Part of the Public Sector News Network

Government to review inpatients with learning disabilities and autism

All mental health hospital patients with learning disabilities and autism will have their care reviewed over the next 12 months, health bosses say.

A spokesman for the Department of Health and Social Care (DHSC) said the government will commit to providing each patient with a date for discharge, or where this is not appropriate, a clear explanation of why and a plan to move them closer towards being ready for discharge into the community.

This comes following the report by Parliament’s Joint Select Committee on Human Rights which revealed young people with learning disabilities and autism are being detained in mental health hospitals, inflicting ‘terrible suffering on those detained and causing anguish to their distraught families’.

The damning report included harrowing stories of patients being held in hospital against their will for months and often years, miles away from their family. Along with distressing witness testimony from patients who described being left in seclusion for hours at a time, and suffering broken bones at the hands of staff who tried to restrain them.

In response, health bosses said an independent panel will be established to oversee the case reviews of those in long-term segregation to further improve their care and support them to be discharged into the community as quickly as possible.

The panel will be chaired by Baroness Sheila Hollins, who is professor of the psychiatry of learning disability at St George’s, University of London.  She said:

‘I don’t think it can ever be right to segregate someone as a form of care, and even more so when there is no planned end date.

‘The oversight panel will actively review progress of an action learning project designed to identify existing barriers, and implement solutions that will transform people’s lives.

‘Our focus will be on each person’s humanity, and entitlement to live an ordinary and safe life in a place where their own concerns and needs will be understood and met by supporters who treat them with respect and have the right skills and supervision.’

A further measure will see the government commit to greater transparency in this area, by agreeing to publish data on inpatients in mental health settings who have a learning disability or are autistic. This will take the form of an information dashboard, which will include data on inpatient rates in different regions, so areas can learn and share good practice.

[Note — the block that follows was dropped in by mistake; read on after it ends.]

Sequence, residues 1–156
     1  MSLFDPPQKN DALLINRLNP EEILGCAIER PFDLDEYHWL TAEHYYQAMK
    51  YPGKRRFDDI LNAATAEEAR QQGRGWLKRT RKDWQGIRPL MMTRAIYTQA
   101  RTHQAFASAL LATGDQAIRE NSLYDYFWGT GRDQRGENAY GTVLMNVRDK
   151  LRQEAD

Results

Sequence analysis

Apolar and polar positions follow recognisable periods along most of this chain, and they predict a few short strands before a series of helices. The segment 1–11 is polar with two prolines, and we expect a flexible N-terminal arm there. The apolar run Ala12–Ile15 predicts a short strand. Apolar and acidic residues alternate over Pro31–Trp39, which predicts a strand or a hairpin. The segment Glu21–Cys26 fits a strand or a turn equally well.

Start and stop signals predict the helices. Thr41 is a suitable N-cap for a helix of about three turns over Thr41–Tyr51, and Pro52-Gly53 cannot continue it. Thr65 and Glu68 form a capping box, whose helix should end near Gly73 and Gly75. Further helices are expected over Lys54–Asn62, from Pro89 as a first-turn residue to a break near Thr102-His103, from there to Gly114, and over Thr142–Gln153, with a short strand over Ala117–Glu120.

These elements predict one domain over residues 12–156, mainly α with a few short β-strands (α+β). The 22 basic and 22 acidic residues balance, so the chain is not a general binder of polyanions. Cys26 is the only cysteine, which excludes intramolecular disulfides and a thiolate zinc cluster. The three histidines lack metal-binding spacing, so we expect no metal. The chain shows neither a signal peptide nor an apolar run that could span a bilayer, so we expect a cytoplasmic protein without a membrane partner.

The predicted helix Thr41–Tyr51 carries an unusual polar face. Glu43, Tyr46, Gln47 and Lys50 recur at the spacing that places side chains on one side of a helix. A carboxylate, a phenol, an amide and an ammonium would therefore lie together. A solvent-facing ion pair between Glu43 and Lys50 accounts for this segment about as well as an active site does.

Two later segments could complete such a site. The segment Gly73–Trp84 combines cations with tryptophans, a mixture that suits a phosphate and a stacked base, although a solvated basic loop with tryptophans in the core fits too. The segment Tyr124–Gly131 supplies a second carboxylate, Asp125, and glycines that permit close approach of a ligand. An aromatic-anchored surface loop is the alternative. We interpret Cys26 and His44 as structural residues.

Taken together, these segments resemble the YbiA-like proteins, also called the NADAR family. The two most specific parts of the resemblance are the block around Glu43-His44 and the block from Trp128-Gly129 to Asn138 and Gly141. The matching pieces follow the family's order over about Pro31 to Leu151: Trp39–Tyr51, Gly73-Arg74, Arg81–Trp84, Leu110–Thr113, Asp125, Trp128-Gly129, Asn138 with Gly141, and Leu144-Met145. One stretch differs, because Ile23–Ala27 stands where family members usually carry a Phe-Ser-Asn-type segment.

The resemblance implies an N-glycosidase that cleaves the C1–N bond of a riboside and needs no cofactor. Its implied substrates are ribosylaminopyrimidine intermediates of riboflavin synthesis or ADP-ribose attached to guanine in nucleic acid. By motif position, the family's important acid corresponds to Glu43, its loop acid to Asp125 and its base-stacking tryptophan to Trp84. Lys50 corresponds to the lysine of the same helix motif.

Ann Norman, Royal College of Nursing professional lead for Learning Disability Nursing, welcomed the scheme but has raised concerns about the number of learning disability nurses available to support patients once they return home. She said:

‘Reducing unnecessary stays in hospital for those with learning disabilities is a welcome ambition and we are pleased to see mandatory training for NHS staff given the go-ahead – this must now be developed in collaboration with those with Learning Disabilities and the specialist nurses who work with them.

‘Ensuring patients can be discharged and cared for closer to home relies on there being enough Learning Disability nurses in both acute and community settings.

‘However, since 2009, the numbers of learning disability nurses in the NHS has fallen by over 40% with the numbers out in the community down by over 25%.

This part of the workforce, as much as any, needs investment and long term commitment to the recruitment and retention of the nurses it so desperately needs. We are pleased to see this pledge but it must to be turned into tangible action if we are to be able to see real change and address the failings that have left so many without the care they deserve.’

Jane Harris, director of external affairs at the National Autistic Society, said the announcement was important for making sure autistic people across England are properly understood and supported.  She said:

‘Hundreds of families across the country will be relieved to see plans to review the care of people in inpatient units and new actions to tackle the disturbing use of seclusion.

‘Importantly, the Secretary of State says he has asked for advice about changing the way mental health law applies to autistic people. Currently autistic people can be sectioned even if they don’t have a mental health problem.

‘It is vital to make sure our law and how it applies to autistic people is fit for the 21st century. Whoever makes up our next government must make sure this promise is realised.

‘To make any of these plans a reality, the next government must also invest in social care and community mental health services. Two in three autistic adults don’t have the support they need. Without it, autistic people can find themselves in a vicious cycle – forced to go into hospital because there’s no support and then unable to leave because there’s no support.’

Subscribe
Notify of
guest
0 Comments
Inline Feedbacks
View all comments